Lufthansa rejects claims of worries over Turkish Airlines' growth plans
BERLIN – Doğan News Agency
The German government collects higher taxes from Lufthansa and spends it on airport infrastructure, according to a senior official from the German airline. AFP photoGerman airline Lufthansa has rejected allegations that the company is worried about Turkey’s flagship air carrier Turkish Airlines’ (THY) growth plans.
Prime Minister Recep Tayyip Erdoğan’s advisor Yiğit Bulut had accused Lufthansa of stoking the Gezi protests last year, saying the third airport planned for Istanbul would become a major hub and damage the prospects of Frankfurt Airport.
However, speaking to reporters at the ITB Berlin Trade and Tourism fair, Lufthansa’s regional vice president of sales and services, Carsten Schaeffer, said he “could not understand” why Germans would not want the construction of the third airport in Istanbul.
“Previously, Chancellor Merkel and Prime Minister Erdoğan had talks regarding the new airport. The German government does not have any shares in Lufthansa. The chancellor could state an opinion, but it is us who will decide,” Schaeffer said.
He also denied claims about the company feeling “uneasiness” over THY’s growth plans. “Why would we not want THY to grow? Companies competing with each other do not ask each other, ‘Can we expand?’ We are in competition with THY and its growth would make me happy,” he said.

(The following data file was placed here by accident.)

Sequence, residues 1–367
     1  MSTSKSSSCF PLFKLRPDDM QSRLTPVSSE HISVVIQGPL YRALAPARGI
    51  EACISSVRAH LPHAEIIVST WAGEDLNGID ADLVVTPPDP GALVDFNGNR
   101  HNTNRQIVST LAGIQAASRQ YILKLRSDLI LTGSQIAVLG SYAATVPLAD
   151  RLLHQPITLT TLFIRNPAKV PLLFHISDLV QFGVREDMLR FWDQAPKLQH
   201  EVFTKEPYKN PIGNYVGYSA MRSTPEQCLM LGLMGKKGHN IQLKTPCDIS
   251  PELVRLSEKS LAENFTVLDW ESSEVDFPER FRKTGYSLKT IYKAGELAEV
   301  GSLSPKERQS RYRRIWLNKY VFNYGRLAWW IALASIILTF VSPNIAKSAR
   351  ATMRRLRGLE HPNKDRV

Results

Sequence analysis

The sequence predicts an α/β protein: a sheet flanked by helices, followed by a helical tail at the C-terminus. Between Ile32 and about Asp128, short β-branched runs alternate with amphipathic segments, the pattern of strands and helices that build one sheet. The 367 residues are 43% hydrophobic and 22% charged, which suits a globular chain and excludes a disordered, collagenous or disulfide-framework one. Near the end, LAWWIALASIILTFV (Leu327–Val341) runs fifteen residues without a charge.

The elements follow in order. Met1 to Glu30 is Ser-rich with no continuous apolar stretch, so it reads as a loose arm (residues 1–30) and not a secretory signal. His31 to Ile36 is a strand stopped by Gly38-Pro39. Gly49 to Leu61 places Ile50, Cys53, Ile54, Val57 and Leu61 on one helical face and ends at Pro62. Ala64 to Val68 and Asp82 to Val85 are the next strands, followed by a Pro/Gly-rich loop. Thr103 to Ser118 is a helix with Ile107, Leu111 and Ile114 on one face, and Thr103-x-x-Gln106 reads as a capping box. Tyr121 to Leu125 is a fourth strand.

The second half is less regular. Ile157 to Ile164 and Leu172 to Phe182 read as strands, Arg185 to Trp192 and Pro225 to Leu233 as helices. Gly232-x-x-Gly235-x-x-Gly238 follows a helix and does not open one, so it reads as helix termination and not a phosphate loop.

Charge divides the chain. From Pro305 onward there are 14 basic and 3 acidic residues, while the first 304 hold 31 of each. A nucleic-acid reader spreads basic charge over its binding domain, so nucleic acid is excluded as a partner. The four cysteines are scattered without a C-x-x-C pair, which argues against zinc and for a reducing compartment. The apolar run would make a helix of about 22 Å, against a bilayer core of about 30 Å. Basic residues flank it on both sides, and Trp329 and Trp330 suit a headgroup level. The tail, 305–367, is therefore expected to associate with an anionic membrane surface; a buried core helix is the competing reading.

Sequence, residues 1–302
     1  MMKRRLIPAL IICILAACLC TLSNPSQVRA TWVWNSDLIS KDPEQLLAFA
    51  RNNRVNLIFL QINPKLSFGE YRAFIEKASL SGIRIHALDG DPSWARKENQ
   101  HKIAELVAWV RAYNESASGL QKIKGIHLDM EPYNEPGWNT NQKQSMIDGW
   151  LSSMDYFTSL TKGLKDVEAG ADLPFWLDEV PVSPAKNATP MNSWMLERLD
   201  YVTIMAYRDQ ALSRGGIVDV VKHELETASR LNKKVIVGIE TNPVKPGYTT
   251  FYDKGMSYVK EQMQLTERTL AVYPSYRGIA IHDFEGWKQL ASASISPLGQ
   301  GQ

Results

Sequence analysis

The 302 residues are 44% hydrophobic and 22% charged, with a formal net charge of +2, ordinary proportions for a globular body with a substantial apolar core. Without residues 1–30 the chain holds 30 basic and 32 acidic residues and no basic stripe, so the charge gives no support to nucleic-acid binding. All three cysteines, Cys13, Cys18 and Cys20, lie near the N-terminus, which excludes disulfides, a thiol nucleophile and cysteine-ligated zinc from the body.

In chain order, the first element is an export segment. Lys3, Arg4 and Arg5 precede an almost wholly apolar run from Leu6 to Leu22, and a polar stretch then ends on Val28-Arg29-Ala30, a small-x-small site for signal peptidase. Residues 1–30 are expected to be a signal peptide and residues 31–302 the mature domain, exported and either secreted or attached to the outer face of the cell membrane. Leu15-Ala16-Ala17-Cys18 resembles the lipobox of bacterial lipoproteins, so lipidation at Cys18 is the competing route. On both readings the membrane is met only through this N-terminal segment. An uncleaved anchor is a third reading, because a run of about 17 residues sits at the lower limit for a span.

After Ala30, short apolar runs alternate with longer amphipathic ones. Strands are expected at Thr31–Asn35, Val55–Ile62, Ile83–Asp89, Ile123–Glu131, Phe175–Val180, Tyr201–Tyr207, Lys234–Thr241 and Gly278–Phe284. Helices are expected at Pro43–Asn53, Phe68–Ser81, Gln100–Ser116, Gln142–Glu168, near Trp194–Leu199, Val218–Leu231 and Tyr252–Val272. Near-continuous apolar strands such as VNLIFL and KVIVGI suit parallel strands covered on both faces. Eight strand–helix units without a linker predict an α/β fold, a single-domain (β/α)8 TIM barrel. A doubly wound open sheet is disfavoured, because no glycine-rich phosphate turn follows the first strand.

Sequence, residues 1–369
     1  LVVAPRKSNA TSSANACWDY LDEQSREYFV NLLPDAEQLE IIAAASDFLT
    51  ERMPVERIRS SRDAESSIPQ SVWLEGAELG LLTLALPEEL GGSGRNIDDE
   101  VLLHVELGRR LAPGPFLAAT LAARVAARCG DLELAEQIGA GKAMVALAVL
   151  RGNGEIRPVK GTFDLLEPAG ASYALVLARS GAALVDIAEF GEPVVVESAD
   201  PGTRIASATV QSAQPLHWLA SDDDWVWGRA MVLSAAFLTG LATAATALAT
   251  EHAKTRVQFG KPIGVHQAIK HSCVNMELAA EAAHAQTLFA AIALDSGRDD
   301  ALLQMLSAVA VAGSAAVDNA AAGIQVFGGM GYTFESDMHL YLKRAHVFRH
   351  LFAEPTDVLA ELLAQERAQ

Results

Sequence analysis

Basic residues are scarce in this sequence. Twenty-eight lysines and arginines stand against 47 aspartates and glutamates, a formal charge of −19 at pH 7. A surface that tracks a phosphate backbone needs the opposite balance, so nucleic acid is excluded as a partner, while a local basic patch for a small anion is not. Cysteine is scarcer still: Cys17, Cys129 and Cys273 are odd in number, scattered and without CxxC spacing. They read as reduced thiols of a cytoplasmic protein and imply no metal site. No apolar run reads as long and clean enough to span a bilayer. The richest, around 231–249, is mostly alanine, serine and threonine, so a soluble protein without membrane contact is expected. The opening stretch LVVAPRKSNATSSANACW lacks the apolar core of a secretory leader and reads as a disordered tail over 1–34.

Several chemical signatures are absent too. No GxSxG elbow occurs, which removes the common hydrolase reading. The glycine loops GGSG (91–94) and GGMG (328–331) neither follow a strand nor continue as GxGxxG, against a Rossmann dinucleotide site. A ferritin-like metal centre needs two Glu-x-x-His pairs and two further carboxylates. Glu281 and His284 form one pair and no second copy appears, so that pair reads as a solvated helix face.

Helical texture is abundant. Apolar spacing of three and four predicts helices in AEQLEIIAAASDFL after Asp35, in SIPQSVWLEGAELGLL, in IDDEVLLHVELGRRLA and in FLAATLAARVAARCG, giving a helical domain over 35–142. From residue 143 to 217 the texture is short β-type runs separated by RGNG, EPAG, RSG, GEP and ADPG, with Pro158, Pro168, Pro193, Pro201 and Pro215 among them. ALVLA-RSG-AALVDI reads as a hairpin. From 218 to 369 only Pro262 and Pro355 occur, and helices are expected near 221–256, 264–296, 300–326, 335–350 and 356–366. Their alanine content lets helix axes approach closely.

Schaeffer, meanwhile, said talks were ongoing for additional Lufthansa flights from Istanbul’s Sabiha Gökçen airport on the Asian side, adding that they wanted to use the airport to reach passengers from that side of the city.
“Atatürk Airport could not grow because it is located within the city. We are continuing to have talks with officials regarding additional flights. This region is important for us and we also want to have flights from here if the necessary transportation facilities are provided,” he said, adding that the company wanted to split the flights into two between the Atatürk and Sabiha Gökçen airports.
Touching on the construction of Istanbul’s third airport, Schaeffer said a very good transportation network was necessary because the airport would be far from the European and Asian sides of the city.
Reflecting on the relationship between THY and Lufthansa and their respective governments, he suggested that there was a “much closer relationship between the Turkish government and THY.”
“I read a piece from Temel Kotil [the CEO of THY] in which he gave references to Prime Minister Erdoğan. There is a much closer relationship between the Turkish government and THY. The German government collects higher taxes from Lufthansa and spends it on airport infrastructure, while the Turkish government eases the procedure on tax,” Schaeffer said.